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Bohr pavilion, Danish tradition and modernity

Authors:

Abstract

Niels Bohr´s guest house (1957) was the first building by the Danish architect Vilhelm Wohlert (1920-2007). Rooted into the Danish tradition and the principles of the Skønvirke, represents a renewal based on absorption of foreign influences: American architecture and Japanese tradition. Wohlert´s work ranges to different kind of commissions. Despite their disparate scales and functions, they show Wohlert´s commitment to human comfort, his dedication to precise construction, and the respect for materials. Features that are more evident than nowhere in the modest guesthouse that he created for Niels Bohr, Nobel Prize in Physics (1922), in a remote virgin forest in the northern of Sjælland. He creates an abstract self-contained object that preserves the open space of the clearing around it. The architect´s task will be understand the vocation of the place, establishing a new site where architecture and nature will live together, the “genius loci” will endure. The individual is readied for the experience of architecture, where the manner of approaching the building becomes significant. The perception is slowed in order to deprive the user of mental assumptions and in this way a level of intimacy is reached. The building alludes to the modern concept of the pavilion as a piece that is conceptually its own entity. The adopted solution seems deceptively simple; a floating timber clad box, over a flat platform, opened to the southwest and closed to the northeast. The wood box has the responsive character of a living organism, which is always changing according to variation in daylight or temperature. The building alludes to the fact that everything in nature is constantly undergoing change and evolution. Folding doors and shutters generate extensions of the rooms. The unexpected lack of closure, the air circulation and the elements that give flexibility, create an evocative air of freedom and fluidity. This circumstance reminds the idea, first formulated by Heraclitus, that the world is a flow statement. It performs an example of the modernity as the refinement in the technique of boundaries and the idea that architecture is not a material object but the space generated inside. It could be seen as an ikebana, the Japanese art of flowers; “the art of space” where is produced a circulation of air between its components. Ikebana is something alive that expresses features of the building; the third dimension, the asymmetrical balance, an interest for the material, its texture and the emotional effect that emanates. The architect establishes an intimate relationship with materials which express their age and their wear together with the enriching experience of time. The wood ages and returns to the earth and in this way the building disappears, and thus is a connection made with both ecology and death. The concept of the elimination of the superfluous and the exhibiting of a material’s natural aspect are common to Oriental culture. It is architecture designed for the perception of all the senses. As traditional Japanese house, the architecture is adjusted to the measure of man, the human scale. The keys of its aesthetic effect are its harmony and balance, conveying serenity and beauty. The encounter with nature is the most basic lesson of project, but the Danish attitude towards her is not domination but conciliation, where a world of relationships is gentle to human beings. It is a lesson of the thought that nature, life and architecture are united.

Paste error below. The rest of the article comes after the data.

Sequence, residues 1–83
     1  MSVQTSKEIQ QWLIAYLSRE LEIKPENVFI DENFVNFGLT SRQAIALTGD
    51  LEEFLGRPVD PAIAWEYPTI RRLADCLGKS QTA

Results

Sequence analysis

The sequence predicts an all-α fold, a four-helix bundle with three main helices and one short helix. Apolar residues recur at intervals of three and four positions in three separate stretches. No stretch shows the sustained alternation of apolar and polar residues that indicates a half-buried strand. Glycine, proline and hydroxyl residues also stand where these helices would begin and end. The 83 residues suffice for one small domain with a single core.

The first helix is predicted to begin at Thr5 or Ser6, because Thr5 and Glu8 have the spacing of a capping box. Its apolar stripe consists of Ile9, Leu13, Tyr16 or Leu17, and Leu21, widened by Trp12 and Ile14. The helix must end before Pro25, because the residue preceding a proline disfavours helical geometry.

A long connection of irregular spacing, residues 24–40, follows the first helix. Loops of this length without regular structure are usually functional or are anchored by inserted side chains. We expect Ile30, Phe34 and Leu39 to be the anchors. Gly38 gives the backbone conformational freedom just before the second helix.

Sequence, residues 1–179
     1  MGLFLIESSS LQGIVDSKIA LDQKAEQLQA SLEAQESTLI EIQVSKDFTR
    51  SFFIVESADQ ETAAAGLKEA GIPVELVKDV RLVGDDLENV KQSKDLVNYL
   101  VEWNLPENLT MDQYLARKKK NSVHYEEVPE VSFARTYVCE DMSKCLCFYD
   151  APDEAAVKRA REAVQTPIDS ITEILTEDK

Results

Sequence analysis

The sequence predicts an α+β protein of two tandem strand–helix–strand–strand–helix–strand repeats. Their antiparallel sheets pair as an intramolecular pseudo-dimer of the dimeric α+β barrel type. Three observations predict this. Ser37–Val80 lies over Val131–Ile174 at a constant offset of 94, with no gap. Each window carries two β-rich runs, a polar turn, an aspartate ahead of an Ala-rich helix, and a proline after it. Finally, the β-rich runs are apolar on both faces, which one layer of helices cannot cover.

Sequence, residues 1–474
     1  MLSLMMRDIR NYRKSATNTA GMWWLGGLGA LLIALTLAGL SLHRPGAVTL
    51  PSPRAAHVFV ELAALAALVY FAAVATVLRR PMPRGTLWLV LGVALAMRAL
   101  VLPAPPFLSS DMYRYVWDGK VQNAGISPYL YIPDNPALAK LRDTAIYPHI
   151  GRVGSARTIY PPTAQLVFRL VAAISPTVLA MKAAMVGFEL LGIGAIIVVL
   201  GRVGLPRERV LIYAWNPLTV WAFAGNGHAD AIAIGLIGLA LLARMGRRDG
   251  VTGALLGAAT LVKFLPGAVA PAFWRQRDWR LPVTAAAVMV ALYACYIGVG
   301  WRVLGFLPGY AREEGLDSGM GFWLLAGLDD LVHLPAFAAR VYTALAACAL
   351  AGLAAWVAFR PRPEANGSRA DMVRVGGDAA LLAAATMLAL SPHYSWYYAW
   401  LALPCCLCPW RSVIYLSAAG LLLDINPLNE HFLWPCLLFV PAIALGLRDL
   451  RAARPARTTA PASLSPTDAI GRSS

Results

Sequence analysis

YOUTH IN CONSERVATION OF CULTURAL HERITAGE YOCOCU 2016, MADRID- BOOK OF ABSTRACTS
1
YOUTH IN CONSERVATION OF CULTURAL HERITAGE YOCOCU 2016, MADRID- BOOK OF ABSTRACTS
2
Coordinated by:
Instituto de Geociencias IGEO (CSIC, UCM)
Co
-
organized by:
Youth in Con
servation of Cultural Heritage
-
YOCOCU España
Museo Centro de Arte Reina Sofía MNCARS
Fundación Reina Sofía
Edited by:
Mónica Álvarez
de Buergo
Beatriz Cámara Gallego
Duygu Ergenc
Sofía Melero Tur
Elena Mercedes
Pérez
-
Monserrat
First edition Madrid
© editorial
work
, the editors
© texts,
their
authors